However, some animals, such as lions and tigers, are known for their powerful roars, which may be accompanied by a yawn-like opening of the mouth. These big cats have a powerful respiratory system and strong muscles that allow them to produce loud vocalizations. So, it’s possible that their yawns may also be relatively loud compared to other animals.

Why do we yawn when we are bored?

Yawning has been linked to a variety of physiological and psychological factors, and one of the theories about why we yawn when we’re bored is related to our level of arousal and attention. When we’re bored, our level of arousal and attention tends to decrease, which can lead to a decrease in our heart rate, breathing rate, and body temperature. Yawning may help to counteract these effects by increasing our heart rate, breathing rate, and oxygen levels, which can help to boost our level of alertness and arousal.

Famous Yawns in Film

Yawning is a natural behavior that people do every day, and it’s not uncommon for movies to feature characters yawning. Here are a few famous yawns in movies:

  1. The Godfather (1972) – In the opening scene of this iconic movie, the character of Bonasera yawns during his conversation with Vito Corleone.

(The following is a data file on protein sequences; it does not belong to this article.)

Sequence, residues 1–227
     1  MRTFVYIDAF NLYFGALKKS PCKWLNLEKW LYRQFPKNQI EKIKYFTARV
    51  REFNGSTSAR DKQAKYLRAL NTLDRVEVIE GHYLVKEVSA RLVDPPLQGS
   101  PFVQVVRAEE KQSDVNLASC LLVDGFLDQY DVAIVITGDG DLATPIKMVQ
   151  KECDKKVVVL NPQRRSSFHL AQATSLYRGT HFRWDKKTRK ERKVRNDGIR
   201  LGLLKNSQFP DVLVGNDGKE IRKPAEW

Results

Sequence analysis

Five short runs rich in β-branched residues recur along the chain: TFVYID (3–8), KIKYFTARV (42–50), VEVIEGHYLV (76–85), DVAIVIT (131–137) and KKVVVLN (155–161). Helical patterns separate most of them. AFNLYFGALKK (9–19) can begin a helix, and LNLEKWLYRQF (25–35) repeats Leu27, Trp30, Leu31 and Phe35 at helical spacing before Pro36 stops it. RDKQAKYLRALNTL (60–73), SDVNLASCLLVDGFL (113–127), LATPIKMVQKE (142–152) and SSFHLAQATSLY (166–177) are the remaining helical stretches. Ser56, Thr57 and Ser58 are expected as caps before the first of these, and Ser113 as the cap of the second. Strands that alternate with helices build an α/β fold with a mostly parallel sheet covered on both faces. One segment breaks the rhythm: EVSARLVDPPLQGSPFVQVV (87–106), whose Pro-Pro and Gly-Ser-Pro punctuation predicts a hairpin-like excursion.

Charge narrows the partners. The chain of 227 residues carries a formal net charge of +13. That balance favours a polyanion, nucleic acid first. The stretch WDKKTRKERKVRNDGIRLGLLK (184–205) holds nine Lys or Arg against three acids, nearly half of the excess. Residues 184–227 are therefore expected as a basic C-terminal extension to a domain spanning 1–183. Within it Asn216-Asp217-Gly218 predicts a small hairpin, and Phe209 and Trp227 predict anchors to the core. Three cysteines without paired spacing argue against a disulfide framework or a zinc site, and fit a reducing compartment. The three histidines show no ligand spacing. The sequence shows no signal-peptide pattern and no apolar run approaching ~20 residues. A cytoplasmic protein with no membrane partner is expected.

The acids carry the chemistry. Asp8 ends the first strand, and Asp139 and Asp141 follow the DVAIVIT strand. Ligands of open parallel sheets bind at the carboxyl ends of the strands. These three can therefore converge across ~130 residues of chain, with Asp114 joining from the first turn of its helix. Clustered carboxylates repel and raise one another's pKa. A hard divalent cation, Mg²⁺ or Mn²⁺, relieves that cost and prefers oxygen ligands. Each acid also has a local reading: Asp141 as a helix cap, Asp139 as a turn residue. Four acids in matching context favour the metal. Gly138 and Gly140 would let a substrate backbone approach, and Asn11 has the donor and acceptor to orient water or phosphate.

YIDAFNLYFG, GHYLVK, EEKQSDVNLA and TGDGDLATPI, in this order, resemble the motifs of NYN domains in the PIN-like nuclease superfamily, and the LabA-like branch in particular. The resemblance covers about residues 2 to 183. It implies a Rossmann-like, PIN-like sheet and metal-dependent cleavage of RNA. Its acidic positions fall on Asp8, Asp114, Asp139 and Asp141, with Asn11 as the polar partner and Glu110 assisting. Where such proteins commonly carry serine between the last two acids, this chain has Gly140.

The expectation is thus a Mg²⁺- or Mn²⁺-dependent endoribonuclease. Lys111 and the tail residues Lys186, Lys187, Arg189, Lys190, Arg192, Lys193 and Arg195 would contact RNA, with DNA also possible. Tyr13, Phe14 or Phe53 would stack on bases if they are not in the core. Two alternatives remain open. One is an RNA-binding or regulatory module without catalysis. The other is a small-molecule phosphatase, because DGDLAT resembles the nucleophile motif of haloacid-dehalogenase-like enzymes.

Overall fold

2. The Shawshank Redemption (1994) – In one scene, Red (played by Morgan Freeman) yawns during a group therapy session at the prison.

  3. The Lord of the Rings: The Fellowship of the Ring (2001) – In a scene where the hobbits are preparing to leave the Shire, Frodo (played by Elijah Wood) lets out a big yawn as he stretches.

  4. Forrest Gump (1994) – In one scene, Forrest Gump (played by Tom Hanks) yawns during a conversation with Lt. Dan (played by Gary Sinise).

  5. The Matrix (1999) – In a scene where Neo (played by Keanu Reeves) meets Morpheus (played by Laurence Fishburne), Neo yawns as he tries to stay awake during Morpheus’ explanation of the Matrix.

These are just a few examples, but there are countless other movies where characters yawn throughout the film.

The Most Recognized Yawn in the World?